Digital Encyclopaedia of the Hellenic World is a three volume, drill down* cornucopia of information (some sections not published yet - but often with hover over info) for you to get lost in. [more inside]
"Schools should continue to require library research so they can see how old folks used to Google stuff."
The continuity I have in mind has to do with the nature of information itself or, to put it differently, the inherent instability of texts. In place of the long-term view of technological transformations, which underlies the common notion that we have just entered a new era, the information age, I want to argue that every age was an age of information, each in its own way, and that information has always been unstable. Let's begin with the Internet and work backward in time.The Library in the New Age by Robert Darnton, historian and Director of the Harvard Library. A wide-ranging overview of the status of libraries in the modern world, touching on such subjects as: journalist poker games, French people liking the smell of books, bibliography at Google, news dissemination in the 18th Century, book piracy and the different texts of Shakespeare. Some responses: Defending the Library of Google, The Future in the Past and Librarians Need a Better Apologetic.
22 basic suggested readings on the Middle East from history professor and informed commenter on Middle Eastern affairs Juan Cole.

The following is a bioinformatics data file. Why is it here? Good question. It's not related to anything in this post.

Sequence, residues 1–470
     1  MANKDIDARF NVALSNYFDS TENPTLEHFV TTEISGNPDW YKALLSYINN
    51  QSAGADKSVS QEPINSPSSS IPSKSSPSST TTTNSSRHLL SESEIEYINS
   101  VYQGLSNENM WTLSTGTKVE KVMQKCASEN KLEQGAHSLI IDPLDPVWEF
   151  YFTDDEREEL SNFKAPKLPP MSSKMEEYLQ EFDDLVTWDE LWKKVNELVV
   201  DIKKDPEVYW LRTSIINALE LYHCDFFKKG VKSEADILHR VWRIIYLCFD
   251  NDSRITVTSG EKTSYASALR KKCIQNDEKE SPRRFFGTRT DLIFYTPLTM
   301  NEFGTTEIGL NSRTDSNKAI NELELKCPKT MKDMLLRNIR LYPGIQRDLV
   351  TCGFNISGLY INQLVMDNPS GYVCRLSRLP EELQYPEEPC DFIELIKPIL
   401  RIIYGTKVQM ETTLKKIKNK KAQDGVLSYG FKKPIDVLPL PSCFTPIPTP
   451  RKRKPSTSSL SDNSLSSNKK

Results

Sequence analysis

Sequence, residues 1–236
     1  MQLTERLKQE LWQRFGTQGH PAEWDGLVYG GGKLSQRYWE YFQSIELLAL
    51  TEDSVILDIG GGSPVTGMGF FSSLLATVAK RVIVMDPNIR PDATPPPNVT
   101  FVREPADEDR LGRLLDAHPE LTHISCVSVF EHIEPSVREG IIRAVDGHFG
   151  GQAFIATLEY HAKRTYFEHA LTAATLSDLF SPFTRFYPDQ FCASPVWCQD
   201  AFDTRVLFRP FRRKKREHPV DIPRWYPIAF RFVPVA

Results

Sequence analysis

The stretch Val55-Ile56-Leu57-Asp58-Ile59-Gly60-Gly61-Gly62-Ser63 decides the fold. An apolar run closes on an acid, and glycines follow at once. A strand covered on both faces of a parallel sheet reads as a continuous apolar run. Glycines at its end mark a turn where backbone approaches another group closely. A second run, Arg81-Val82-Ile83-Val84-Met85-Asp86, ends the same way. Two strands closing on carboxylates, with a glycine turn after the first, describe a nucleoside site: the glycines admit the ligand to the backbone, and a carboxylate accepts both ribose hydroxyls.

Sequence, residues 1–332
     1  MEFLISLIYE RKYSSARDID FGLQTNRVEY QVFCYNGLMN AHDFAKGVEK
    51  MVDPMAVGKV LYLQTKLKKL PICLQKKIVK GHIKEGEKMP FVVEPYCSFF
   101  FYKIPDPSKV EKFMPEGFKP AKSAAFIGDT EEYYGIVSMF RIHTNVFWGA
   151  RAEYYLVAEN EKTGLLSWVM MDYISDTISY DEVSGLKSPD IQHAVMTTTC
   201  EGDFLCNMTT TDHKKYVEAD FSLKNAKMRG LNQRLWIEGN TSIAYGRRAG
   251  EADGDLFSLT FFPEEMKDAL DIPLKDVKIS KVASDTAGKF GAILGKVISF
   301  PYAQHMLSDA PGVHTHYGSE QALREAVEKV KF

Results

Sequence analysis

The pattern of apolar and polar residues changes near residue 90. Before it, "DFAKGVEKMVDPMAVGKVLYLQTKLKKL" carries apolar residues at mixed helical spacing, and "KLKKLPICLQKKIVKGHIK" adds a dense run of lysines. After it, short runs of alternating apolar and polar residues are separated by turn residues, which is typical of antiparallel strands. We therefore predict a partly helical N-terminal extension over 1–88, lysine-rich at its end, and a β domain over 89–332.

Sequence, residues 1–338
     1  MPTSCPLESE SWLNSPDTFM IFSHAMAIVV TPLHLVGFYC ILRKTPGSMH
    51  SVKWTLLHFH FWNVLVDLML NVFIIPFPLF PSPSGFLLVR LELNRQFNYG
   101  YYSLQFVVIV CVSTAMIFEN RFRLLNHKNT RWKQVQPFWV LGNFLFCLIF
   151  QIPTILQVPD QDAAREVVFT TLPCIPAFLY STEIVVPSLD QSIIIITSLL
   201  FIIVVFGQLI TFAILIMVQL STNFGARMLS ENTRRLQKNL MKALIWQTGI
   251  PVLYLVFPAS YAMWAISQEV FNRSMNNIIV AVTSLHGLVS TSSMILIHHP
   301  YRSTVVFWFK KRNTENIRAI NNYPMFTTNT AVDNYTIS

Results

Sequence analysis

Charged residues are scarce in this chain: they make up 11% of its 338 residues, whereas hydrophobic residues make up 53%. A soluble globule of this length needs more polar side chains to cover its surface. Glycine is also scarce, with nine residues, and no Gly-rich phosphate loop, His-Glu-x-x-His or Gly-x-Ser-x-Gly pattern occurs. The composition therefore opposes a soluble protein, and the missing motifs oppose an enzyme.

A virtual copy of Historiae Animalium, the first pictorial catalogue of the animal world (lots of pretty pictures, but the text is all in latin). It was compiled in the 16th century by the Swiss naturalist Conrad Gessner, who is considered the father of zoology (and, incidentally, also the father of bibliography [Word Document]).
Ottobib does what it sets out to do very well: take a list of ISBN numbers, the international standard book number system, and generates citations for you. It's as if it is automatically making bibliographies. (ha! get it!) Currently supporting the MLA, APA, and Chicago Manual of Style citation formats.
What to read. A list of lists for book recommendations, includes a compiled "Great Books" Lists with a World Literature list and lots more.
The David Foster Wallace Bibliography (in BibTex format) is ridiculously complete. The site also includes a zip file of DFW's essays and mp3s of a round table discussion. [via]
Online papers on consciousness from androids to zombies, compiled by David Chalmers. Need a primer before you jump into the heavy stuff? See his Guide to the Philosophy of Mind. [via The Curvature of the Earth is Overwhelmed by Local Noise]